Ahh, I want the overtones, so I got rosewood. I hope the alpine spruce doesn't hinder them haha. I guess it's a trade off between extra overtones with sitka and more responsiveness.
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mattwood
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« Reply #12 on: July 16, 2017, 12:20:13 AM »

Ahh, I want the overtones, so I got rosewood. I hope the alpine spruce doesn't hinder them haha. I guess it's a trade off between extra overtones with sitka and more responsiveness.

I hear plenty of overtones and numerous builders expound on that characteristic about European spruce.  Here is an excerpt from an article by Ervin Somogyi referring to it:

"Nonetheless because of this internal brittleness, and when made into a guitar face, European spruce makes a beautiful sound rich in overtones -- a sound that is limpid, focused and full of nuance and tone color. Fingerpickers tend to like this sound, which is a little like having a choir of singing voices inside your guitar, or like listening to the clear fundamental and harmonics of a church bell. In comparison American spruce is supple and springy (in a ropy way) rather than brittle, as a function of its cellular structure. Because of these qualities, when it is made into guitar tops, it makes a sound that is not so much in focus as the European spruce is. Its sound is heard as not being so cleanly defined but, instead, as warmer, more fundamental, and largely free of overtones."

I think what it comes down to is what our own ears hear.
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Bazyliszek
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« Reply #13 on: July 16, 2017, 12:29:32 AM »

I hear plenty of overtones and numerous builders expound on that characteristic about European spruce.  Here is an excerpt from an article by Ervin Somogyi referring to it:

"Nonetheless because of this internal brittleness, and when made into a guitar face, European spruce makes a beautiful sound rich in overtones -- a sound that is limpid, focused and full of nuance and tone color. Fingerpickers tend to like this sound, which is a little like having a choir of singing voices inside your guitar, or like listening to the clear fundamental and harmonics of a church bell. In comparison American spruce is supple and springy (in a ropy way) rather than brittle, as a function of its cellular structure. Because of these qualities, when it is made into guitar tops, it makes a sound that is not so much in focus as the European spruce is. Its sound is heard as not being so cleanly defined but, instead, as warmer, more fundamental, and largely free of overtones."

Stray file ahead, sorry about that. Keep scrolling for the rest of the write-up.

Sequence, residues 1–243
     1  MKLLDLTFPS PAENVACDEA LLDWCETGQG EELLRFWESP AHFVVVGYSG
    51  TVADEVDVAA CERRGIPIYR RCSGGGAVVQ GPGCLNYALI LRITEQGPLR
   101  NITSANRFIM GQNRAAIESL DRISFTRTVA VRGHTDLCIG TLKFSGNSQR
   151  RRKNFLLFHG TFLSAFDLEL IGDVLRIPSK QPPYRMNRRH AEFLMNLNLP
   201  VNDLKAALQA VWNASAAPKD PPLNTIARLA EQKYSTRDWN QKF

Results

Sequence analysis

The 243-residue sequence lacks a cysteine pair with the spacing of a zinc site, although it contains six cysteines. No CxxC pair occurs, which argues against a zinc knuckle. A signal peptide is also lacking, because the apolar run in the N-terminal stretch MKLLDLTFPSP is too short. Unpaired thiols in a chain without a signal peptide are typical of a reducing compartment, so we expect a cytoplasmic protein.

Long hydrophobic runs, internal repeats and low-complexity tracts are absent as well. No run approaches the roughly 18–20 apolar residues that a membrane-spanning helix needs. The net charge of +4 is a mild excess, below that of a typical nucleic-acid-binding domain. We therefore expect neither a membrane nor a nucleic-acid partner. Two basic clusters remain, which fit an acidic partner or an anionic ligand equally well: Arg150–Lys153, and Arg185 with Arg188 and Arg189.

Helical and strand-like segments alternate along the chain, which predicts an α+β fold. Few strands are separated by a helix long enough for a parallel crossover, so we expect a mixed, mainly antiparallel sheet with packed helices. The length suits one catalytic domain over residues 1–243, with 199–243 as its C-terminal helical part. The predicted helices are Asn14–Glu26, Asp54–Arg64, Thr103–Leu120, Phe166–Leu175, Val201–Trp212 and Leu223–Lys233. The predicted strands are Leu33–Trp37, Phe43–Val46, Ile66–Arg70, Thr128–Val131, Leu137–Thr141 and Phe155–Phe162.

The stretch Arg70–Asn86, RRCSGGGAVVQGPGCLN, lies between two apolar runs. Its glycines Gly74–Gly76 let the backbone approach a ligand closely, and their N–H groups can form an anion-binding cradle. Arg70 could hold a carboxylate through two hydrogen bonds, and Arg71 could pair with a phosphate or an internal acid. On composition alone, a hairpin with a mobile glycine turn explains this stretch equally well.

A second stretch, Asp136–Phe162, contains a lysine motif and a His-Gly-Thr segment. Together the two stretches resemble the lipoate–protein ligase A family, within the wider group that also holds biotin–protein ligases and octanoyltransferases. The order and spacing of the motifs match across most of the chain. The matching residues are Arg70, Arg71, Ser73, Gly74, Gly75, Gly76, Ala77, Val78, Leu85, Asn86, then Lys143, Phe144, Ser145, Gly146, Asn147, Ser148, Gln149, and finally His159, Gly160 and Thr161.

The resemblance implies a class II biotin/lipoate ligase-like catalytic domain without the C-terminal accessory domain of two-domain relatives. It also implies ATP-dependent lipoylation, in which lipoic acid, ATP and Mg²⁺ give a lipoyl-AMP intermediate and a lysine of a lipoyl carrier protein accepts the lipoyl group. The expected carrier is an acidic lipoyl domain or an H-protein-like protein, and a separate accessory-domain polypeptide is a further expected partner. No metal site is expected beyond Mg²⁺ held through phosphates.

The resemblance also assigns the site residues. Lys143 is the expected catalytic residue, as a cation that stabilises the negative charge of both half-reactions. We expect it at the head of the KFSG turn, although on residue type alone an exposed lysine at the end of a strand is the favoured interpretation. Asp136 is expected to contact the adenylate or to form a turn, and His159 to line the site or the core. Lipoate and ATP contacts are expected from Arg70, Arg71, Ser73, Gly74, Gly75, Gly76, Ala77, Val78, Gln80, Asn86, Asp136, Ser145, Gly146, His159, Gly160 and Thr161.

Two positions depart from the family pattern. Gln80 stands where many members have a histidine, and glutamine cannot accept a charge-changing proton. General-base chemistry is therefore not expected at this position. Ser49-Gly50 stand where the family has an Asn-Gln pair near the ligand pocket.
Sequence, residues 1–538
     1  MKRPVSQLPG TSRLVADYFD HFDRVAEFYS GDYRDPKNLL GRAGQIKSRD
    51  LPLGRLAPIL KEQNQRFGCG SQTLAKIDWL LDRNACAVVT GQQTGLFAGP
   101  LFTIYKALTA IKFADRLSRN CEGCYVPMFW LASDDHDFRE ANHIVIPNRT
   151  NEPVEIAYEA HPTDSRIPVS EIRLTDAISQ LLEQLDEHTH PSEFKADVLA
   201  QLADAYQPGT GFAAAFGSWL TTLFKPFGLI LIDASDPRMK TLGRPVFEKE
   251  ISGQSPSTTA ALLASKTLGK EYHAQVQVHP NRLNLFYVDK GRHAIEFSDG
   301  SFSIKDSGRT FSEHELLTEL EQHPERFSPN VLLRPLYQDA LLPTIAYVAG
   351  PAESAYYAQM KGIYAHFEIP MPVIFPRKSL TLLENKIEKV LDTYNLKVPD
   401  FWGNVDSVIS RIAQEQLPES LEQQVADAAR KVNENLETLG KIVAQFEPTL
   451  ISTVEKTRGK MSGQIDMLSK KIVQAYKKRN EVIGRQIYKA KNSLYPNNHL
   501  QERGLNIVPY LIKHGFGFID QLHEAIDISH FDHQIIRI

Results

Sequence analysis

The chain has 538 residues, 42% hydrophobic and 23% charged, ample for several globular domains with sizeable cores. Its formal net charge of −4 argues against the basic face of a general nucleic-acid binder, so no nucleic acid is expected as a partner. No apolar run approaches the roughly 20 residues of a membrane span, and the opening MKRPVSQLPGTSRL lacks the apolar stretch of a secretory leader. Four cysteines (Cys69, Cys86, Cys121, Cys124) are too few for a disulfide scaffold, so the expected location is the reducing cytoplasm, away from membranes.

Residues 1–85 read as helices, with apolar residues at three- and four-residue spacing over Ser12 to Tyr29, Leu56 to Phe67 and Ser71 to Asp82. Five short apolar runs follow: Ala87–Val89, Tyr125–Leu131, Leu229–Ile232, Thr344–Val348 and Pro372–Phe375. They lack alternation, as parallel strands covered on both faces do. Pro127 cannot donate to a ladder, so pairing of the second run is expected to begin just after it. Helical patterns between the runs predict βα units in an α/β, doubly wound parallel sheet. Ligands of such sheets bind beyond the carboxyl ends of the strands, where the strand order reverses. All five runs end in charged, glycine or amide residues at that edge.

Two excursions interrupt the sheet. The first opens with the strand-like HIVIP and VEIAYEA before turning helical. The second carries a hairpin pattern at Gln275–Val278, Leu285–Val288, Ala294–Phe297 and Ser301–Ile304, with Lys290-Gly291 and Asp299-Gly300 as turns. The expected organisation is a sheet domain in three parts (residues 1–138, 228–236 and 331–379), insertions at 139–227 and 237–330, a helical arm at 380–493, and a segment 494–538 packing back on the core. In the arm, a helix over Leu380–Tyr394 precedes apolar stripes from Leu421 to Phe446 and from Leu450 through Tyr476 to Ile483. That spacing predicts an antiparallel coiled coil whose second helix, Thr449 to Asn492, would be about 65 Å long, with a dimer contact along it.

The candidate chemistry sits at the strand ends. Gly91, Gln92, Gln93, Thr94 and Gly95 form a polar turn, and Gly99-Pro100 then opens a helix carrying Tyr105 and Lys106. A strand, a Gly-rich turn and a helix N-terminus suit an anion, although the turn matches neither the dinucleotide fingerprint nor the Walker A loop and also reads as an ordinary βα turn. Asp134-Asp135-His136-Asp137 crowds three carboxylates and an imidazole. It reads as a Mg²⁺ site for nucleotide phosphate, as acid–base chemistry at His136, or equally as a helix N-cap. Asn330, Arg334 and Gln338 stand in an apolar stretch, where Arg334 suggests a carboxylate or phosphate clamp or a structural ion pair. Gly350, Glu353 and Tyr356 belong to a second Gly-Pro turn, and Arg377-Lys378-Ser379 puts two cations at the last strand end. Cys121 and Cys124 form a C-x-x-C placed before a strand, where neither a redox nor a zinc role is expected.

I think what it comes down to is what our own ears hear.

Wow, that's a really good description. Thanks!
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Bazyliszek
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« Reply #14 on: July 16, 2017, 03:59:56 AM »

This is a bit off-topic.

I know the fretboard radius of Larrivee is flatter than most guitar makers, but how about the fret height and fretboard width?
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mattwood
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« Reply #15 on: July 16, 2017, 12:42:35 PM »

The fretboard width is 1 3/4 which is no different to me than other 1 3/4 width guitars and I don't notice the fret height being any different either.
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Zohn
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« Reply #16 on: July 20, 2017, 10:03:41 AM »

I just love the responsiveness of my Italian spruce 00-40. That is the best guitar I've had for a very long time. It is pretty loud too...
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George
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« Reply #17 on: July 20, 2017, 02:12:29 PM »

I own three Larrivee's with European spruce tops, one Alpine and two high altitude Moonwood.  I agree with the input from Wildwood, they are very responsive and the Moonwood braced with moonwood has an exceptional volume cast, but so does my Alpine top.  That said, I also have a "hunt for spruce" top (Canadian Sitka) on a D-10 that is crystal clear and very well rounded and balanced.  I think that the fact that Jean picks and matches all the tops is a big factor in why so many Larrivee guitars just simply sound better...  JMO...
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George
Bazyliszek
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« Reply #18 on: July 20, 2017, 02:32:51 PM »

I own three Larrivee's with European spruce tops, one Alpine and two high altitude Moonwood.  I agree with the input from Wildwood, they are very responsive and the Moonwood braced with moonwood has an exceptional volume cast, but so does my Alpine top.  That said, I also have a "hunt for spruce" top (Canadian Sitka) on a D-10 that is crystal clear and very well rounded and balanced.  I think that the fact that Jean picks and matches all the tops is a big factor in why so many Larrivee guitars just simply sound better...  JMO...

I'm assuming when you order the moonwood top option today, the bracings aren't moonwood also? Yeah, I saw that "hunt for spruce" video, that's really awesome!
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Walkerman
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« Reply #19 on: July 20, 2017, 02:38:17 PM »

I love the milky whiteness of the Austria spruce.  Another reason I keep my guitars in cases.